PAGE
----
Embracing energy retrofits by reducing, reusing and renewing

Posted on May 14, 2013 by Theresa Lehman

Wausau Window and Wall

While the practice of retrofitting buildings with energy-saving technologies isn’t new, data on whether these changes yield real savings hasn’t been available—until now.

According to a 2012 study—United States Building Energy Efficiency Retrofits: Market Sizing and Financing Models—a $279 million investment in energy efficiency retrofits could:

  • Save building owners in the United States $1 trillion over the next ten years
  • Create 3.3 million cumulative job years of employment
  • Cut energy consumption by 30 percent
  • Reduce emissions by 10 percent

Buildings in the US consume a tremendous amount of resources: 40 percent of primary energy, 72 percent of electricity and 14 percent of drinkable water. This results in buildings emitting 39 percent of all carbon emissions, which is more than the transportation industry. If all of these energy retrofits were made, the United States could reduce its overall emissions by 10 percent, hence retrofitting buildings to be more energy efficient is important.

If the initial investment is holding you back from making some changes, you should be aware of the various financial incentives that will off-set the initial capital expense. Start by “reducing” the amount of energy you consume by changing your behaviors. Simple things like shutting off the lights, changing the thermostat a degree of two, and powering down energy-consuming electronics is simple and easy, yet yields big results. Have you retro-commissioned your energy-consuming systems lately? Numerous case studies have shown that retro-commissioning pays for itself many times over.

You can also reduce the amount of energy consumed by retrofitting inefficient energy-consuming equipment and systems. You can always start small by upgrading your building’s plumbing fixtures to low-flow. Aerators are inexpensive, yet save hundreds, if not thousands of gallons of hot water per year.  Lighting upgrades can also yield short paybacks. Start by replacing energy-consuming lamps and ballasts, or install control features such as occupancy or daylight sensors. And, while replacing the HVAC system may appear expensive, in this climate, we are constantly heating and/or cooling, and replacement of old inefficient equipment with high-efficiency systems and controls often results in a quick payback.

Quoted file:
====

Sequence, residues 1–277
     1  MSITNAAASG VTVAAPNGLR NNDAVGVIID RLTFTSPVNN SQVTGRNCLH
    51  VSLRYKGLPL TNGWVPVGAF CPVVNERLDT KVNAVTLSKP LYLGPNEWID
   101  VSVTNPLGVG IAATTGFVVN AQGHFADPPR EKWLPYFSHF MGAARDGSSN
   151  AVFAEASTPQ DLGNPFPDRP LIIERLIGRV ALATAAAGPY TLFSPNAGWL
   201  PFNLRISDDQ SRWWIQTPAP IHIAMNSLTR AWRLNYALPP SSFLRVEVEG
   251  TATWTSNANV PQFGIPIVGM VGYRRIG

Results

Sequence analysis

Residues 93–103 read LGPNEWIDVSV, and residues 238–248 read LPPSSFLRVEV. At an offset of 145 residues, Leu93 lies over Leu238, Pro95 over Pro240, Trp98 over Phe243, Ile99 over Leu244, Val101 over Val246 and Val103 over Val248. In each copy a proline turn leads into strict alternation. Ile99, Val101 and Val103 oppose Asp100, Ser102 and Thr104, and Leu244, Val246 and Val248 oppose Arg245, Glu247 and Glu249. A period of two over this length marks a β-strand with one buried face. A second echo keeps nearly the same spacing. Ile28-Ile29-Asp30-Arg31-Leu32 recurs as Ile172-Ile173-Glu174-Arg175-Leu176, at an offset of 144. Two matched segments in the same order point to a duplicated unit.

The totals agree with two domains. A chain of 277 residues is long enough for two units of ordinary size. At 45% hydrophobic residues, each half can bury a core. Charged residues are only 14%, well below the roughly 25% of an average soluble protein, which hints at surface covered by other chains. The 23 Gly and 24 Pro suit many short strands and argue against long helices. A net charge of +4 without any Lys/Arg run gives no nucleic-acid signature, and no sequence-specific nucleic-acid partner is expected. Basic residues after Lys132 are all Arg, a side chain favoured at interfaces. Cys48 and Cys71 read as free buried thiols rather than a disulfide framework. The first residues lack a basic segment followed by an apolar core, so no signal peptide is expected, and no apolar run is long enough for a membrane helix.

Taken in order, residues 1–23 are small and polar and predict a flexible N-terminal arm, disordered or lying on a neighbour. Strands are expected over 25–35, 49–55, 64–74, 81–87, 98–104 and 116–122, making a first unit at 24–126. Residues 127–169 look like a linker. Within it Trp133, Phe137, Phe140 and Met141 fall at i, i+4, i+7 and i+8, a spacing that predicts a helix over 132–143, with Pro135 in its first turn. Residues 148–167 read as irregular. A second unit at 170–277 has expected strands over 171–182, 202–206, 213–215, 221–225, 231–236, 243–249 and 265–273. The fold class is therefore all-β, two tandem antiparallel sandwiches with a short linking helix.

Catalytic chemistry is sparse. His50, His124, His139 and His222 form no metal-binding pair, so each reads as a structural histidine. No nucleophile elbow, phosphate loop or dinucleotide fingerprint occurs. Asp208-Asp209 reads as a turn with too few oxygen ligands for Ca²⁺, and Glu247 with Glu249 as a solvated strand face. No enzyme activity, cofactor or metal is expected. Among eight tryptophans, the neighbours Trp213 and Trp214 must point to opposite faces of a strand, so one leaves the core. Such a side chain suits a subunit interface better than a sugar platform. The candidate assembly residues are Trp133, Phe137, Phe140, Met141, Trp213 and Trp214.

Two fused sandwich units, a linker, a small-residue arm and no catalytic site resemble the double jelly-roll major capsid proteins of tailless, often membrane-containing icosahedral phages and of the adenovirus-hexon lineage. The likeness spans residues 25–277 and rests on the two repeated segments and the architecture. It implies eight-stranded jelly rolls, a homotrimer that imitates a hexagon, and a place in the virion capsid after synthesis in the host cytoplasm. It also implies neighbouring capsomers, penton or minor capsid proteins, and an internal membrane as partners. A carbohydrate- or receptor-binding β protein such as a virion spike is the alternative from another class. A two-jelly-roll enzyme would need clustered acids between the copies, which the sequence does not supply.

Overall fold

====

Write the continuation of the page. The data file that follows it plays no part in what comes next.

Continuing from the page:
Next, think of ways you can “reuse” energy that would otherwise just be wasted. For example, at Wausau Window & Wall Systems, they use energy from their manufacturing process (compressed air) to thermally control their office space, requiring very little supplemental energy to maintain a comfortable environment.

Once you are able to realize the payback, take your utility savings and invest the difference in renewable energy equipment such as solar thermal or photovoltaics to minimize your emissions even further.

About Theresa Lehman

Dedicating her entire career to sustainable practice, Theresa has worked on more than 70 projects seeking LEED® certification utilizing the LEED®-NC, LEED®-CI, LEED®-CS, LEED®-EBOM, and LEED® for Schools green building rating systems. She has successfully certified projects that have earned LEED® certification at all four award levels including: Certified, Silver, Gold and Platinum. Her portfolio of LEED® projects includes many “Wisconsin firsts” such as the first State of Wisconsin LEED® certified project, the first healthcare facility, the first LEED®-EBOM Schools, the first LEED® for Schools project and the first zero-net energy / carbon neutral project–the Aldo Leopold Legacy Center–the “greenest building on the planet” according to Rick Fedrizzi, former President, CEO & Founding Chair, U.S. Green Building Council.

Get in touch with Theresa Lehman
View all posts by Theresa Lehman
[email protected]

Leave a Reply